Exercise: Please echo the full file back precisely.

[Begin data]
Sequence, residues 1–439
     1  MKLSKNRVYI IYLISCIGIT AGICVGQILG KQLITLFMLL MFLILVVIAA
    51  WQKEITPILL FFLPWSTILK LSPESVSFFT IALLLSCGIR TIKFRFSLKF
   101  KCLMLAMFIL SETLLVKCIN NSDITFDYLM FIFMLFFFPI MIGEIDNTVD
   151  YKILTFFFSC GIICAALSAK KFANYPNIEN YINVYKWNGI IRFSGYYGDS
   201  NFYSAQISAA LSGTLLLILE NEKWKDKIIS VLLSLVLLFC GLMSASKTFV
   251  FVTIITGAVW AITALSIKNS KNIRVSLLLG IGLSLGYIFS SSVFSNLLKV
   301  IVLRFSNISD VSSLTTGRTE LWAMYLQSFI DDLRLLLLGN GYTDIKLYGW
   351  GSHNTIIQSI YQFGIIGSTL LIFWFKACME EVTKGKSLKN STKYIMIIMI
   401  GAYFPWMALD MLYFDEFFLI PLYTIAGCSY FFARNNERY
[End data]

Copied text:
Sequence, residues 1–439
     1  MKLSKNRVYI IYLISCIGIT AGICVGQILG KQLITLFMLL MFLILVVIAA
    51  WQKEITPILL FFLPWSTILK LSPESVSFFT IALLLSCGIR TIKFRFSLKF
   101  KCLMLAMFIL SETLLVKCIN NSDITFDYLM FIFMLFFFPI MIGEIDNTVD
   151  YKILTFFFSC GIICAALSAK KFANYPNIEN YINVYKWNGI IRFSGYYGDS
   201  NFYSAQISAA LSGTLLLILE NEKWKDKIIS VLLSLVLLFC GLMSASKTFV
   251  FVTIITGAVW AITALSIKNS KNIRVSLLLG IGLSLGYIFS SSVFSNLLKV
   301  IVLRFSNISD VSSLTTGRTE LWAMYLQSFI DDLRLLLLGN GYTDIKLYGW
   351  GSHNTIIQSI YQFGIIGSTL LIFWFKACME EVTKGKSLKN STKYIMIIMI
   401  GAYFPWMALD MLYFDEFFLI PLYTIAGCSY FFARNNERY